I have experienced churches that do not have the “secret sauce” of joy. People fight for control over things like ministries and who is in charge. People fight over money and the lack of everything. That is no way to live.

Not only should we guard the joy that we have but we should share it as well! Life is too short to be grumpy and controlling!

Be joyful always; pray continually; give thanks in all circumstances, for this is God’s will for you in Christ Jesus. 1 Thessalonians 5:16-18

God bless,
Pr. Ben

Sermon: Discipleship: Caring for Creation

On Saturday people gathered to remember the 47th Earth Day and advocate for science and scientists. What does this have to do with being Christian? Plenty. Long before Earth Day, God gave instructions for taking care of His “very good” creation.

Article: Grace is Messy

Occasionally, I run across an article that is well written and insightful. (Admittedly, I am not the best writer and I am jealous of those who can!)

The article below, despite its title, has no profanity in it. I hope you find it inspirational and moving.

God bless,
Pr. Ben

F-Bombs and Bikinis: What It Really Means to Be a “Christian”
By Preston Sprinkle

Christian subcultures are an entertaining phenomenon. Multiple brands of Christianity claim the same Lord and read the same Bible, and yet they promote a set of values sometimes as different as apples and orangutans.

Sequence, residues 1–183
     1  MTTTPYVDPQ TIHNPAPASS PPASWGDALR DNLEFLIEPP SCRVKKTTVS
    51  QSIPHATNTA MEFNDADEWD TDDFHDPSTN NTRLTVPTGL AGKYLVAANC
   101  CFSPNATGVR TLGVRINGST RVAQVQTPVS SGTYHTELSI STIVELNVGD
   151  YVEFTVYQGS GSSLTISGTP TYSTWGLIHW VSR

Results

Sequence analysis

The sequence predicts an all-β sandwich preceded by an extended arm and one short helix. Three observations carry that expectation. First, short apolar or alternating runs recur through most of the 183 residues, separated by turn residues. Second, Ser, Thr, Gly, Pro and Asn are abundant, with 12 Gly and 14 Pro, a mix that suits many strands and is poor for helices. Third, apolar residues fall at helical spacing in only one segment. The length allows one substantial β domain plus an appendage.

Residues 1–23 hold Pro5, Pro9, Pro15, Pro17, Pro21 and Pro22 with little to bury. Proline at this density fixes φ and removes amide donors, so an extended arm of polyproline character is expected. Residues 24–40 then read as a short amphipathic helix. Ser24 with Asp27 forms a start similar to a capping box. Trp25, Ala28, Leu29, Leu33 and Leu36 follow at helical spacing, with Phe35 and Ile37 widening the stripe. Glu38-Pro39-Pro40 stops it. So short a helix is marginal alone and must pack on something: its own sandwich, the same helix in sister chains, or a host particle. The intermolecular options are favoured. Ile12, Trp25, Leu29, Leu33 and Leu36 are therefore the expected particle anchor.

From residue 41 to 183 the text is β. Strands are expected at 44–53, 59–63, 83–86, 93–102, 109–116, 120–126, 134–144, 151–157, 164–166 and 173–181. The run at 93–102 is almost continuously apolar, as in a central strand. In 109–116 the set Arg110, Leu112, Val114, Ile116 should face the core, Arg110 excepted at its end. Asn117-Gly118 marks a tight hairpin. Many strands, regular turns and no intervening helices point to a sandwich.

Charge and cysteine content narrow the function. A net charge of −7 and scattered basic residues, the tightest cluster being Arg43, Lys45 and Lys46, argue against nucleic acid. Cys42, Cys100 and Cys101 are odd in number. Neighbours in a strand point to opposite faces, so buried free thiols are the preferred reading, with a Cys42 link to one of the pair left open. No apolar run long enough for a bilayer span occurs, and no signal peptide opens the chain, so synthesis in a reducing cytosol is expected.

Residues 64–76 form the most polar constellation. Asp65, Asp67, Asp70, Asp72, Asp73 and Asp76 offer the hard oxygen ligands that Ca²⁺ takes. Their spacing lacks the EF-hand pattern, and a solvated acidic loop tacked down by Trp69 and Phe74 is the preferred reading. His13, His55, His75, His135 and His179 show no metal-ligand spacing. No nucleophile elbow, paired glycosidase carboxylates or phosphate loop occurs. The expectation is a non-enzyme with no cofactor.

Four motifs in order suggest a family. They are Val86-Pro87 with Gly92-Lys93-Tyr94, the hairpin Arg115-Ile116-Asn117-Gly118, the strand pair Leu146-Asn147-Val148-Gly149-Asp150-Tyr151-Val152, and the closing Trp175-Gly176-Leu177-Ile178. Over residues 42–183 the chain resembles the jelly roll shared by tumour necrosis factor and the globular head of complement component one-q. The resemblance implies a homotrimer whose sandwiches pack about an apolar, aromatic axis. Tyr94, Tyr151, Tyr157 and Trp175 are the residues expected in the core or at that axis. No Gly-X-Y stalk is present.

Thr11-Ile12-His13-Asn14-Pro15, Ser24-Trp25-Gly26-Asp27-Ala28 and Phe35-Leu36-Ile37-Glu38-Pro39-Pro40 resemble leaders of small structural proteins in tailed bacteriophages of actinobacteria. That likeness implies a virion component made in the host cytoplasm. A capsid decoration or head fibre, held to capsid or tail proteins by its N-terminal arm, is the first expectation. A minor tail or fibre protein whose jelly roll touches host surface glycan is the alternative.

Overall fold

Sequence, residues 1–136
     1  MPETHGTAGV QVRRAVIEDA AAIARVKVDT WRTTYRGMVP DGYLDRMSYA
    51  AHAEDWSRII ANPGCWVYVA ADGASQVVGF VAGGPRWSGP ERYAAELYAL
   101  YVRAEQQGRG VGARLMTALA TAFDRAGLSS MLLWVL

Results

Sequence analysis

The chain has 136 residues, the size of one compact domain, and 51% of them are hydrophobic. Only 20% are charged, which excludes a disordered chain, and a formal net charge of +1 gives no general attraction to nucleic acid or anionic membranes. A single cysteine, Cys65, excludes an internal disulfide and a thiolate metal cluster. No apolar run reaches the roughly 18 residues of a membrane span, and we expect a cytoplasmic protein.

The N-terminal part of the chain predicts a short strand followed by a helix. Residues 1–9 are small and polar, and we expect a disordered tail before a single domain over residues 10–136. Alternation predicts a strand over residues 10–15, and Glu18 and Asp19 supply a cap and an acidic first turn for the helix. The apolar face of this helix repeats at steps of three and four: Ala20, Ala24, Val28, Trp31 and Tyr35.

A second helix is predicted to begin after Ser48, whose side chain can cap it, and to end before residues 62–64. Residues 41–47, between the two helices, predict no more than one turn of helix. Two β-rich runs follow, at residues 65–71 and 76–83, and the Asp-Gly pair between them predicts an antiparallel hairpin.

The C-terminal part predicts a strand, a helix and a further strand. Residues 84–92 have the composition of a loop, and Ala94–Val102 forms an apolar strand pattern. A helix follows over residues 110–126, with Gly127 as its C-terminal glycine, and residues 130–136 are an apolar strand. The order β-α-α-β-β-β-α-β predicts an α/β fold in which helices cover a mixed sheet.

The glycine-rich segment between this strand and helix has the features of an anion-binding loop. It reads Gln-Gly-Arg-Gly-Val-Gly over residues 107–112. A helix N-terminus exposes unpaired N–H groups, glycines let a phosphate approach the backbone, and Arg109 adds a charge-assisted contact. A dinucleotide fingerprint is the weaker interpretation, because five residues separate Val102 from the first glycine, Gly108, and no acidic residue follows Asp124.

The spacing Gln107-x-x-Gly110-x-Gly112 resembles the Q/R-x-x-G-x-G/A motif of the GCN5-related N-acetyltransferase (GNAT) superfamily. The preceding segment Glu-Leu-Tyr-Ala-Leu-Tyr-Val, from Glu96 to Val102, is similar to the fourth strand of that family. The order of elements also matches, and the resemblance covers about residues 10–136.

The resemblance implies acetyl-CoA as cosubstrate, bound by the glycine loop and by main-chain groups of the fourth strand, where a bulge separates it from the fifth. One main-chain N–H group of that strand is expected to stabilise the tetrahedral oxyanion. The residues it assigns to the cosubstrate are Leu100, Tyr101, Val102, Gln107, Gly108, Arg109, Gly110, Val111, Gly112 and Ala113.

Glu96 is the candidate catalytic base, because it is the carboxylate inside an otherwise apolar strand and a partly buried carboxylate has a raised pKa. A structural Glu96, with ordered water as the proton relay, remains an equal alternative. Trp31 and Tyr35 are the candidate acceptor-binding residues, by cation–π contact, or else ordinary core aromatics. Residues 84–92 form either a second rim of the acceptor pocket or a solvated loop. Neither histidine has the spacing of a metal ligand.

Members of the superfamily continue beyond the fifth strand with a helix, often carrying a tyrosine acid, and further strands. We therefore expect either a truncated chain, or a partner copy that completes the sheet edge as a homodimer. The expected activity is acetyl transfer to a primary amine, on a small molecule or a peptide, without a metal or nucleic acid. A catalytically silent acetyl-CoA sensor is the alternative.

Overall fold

I once heard a story about a Christian woman from the East Coast who confronted a West Coast youth-pastor, who allowed “mixed bathing” at youth events. “I can’t believe any so-called Christian leader would allow boys and girls to swim together!” She expressed her concern, all the while puffing on a cigarette. The youth pastor couldn’t help but smile, speechless at the irony.

I attended a conservative Brethren church when I lived in Scotland. Some of the women wore head coverings and none of them spoke in church. When I had our Irish pastor and his wife over for dinner, I asked them what he would like to drink. “Beer please,” the preacher said. “And for you, madam?” “I’ll take a glass of Chardonnay, thank you.” Were they liberal or conservative? I guess it depends on which subculture you come from.